Hitchcock often spoke about the MacGuffin in his films, a key plot device that drives the story. The MacGuffin is the engine that propels the plot. It is the object around which the plot revolves and motivates the actions of the characters. In North by Northwest, the MacGuffin is the roll of microfilm in the pre-Columbian statue, which both Cary Grant, the hero, and James Mason, the villain, are after. In Playing Mrs. Kingston, the MacGuffin is the stolen Caravaggio painting, which Catriona’s arch enemy so desperately wants. But the real story is about Catriona and Mario, and finding out who the killer is. But in having a MacGuffin in my novel, the stolen painting, it drove the plot forward, and motivated the characters, especially in the second half of the book, when all seemed lost.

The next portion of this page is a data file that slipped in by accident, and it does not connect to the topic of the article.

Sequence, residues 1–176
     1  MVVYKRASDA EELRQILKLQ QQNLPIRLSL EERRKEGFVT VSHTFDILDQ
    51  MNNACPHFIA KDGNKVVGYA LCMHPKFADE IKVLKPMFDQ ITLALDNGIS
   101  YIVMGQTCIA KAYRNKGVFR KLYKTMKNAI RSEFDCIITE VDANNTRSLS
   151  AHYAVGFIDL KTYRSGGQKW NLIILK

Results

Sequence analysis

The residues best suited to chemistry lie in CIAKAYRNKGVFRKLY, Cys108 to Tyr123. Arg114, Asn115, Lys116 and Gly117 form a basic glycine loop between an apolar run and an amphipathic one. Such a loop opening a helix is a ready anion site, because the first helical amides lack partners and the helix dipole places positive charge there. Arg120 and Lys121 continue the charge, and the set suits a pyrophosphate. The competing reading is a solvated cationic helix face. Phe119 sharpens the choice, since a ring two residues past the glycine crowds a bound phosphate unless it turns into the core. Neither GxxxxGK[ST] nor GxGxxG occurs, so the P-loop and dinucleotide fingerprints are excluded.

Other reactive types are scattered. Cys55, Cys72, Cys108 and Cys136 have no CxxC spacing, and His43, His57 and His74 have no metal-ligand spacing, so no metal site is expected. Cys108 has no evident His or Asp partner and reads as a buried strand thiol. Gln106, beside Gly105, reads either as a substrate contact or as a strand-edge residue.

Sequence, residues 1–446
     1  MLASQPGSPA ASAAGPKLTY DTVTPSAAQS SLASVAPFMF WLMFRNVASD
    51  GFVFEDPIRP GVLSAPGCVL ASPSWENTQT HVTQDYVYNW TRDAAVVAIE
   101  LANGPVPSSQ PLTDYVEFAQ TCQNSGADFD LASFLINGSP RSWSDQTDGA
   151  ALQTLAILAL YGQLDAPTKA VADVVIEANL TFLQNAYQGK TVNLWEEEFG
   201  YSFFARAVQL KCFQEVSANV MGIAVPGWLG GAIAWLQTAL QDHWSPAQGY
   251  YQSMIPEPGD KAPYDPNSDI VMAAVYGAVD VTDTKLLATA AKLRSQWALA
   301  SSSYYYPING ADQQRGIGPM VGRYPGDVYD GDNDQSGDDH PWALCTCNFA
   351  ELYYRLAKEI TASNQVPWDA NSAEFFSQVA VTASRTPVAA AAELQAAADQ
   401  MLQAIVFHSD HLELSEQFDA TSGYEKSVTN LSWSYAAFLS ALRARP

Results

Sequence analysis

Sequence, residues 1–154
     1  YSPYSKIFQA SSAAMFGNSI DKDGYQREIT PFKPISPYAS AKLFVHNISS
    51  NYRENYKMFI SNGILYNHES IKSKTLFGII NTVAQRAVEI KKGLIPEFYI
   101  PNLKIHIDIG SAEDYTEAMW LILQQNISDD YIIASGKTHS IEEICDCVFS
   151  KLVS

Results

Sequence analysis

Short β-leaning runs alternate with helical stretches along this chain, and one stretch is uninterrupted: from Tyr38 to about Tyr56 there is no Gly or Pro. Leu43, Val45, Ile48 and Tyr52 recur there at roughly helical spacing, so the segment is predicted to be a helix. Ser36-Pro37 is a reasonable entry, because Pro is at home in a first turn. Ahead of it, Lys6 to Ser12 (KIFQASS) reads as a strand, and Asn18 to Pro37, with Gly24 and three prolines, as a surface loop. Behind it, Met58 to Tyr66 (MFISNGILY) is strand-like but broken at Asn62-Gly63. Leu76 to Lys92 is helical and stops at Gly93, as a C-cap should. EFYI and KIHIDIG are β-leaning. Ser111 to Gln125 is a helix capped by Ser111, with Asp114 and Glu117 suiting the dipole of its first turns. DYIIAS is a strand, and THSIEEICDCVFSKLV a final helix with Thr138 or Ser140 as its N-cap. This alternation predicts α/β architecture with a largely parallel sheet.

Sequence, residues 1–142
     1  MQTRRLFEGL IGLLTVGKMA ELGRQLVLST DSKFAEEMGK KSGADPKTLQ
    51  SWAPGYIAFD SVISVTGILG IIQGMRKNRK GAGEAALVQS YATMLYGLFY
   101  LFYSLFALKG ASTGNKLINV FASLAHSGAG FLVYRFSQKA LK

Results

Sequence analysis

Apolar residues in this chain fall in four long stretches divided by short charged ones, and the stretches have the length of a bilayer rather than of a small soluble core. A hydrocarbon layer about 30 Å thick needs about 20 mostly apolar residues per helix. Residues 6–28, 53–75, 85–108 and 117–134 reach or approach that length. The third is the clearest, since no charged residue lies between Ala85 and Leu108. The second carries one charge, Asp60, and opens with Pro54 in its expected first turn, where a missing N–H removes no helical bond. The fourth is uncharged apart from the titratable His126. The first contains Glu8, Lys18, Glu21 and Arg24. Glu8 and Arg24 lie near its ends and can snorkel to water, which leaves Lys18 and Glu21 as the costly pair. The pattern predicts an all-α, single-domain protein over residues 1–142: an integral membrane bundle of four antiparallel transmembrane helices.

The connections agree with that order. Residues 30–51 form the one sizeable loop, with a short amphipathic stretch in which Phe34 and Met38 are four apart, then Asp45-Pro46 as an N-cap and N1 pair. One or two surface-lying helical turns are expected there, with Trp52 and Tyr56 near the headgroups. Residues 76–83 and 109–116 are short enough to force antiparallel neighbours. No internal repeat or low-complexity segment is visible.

Good writing is subtext, reading between the lines, rather than on the nose dialogue. Much of the dialogue in Hitchcock’s best screenplays, such as Notorious, Rear Window and North by Northwest, have layers of meaning. Good dialogue should be full of conflict between the chracters and have a natural rhythm that’s easily spoken, like a verbal sparring game that resembles the epic tennis match in Strangers on a Train until someone scores a point. The writing between Catriona and Detective Radcliffe is like a cat and mouse game, with Catriona trying to stay a few steps ahead of the Detective who is chasing the real Catriona Benedict, while she is in disguise as Catherine Kingston.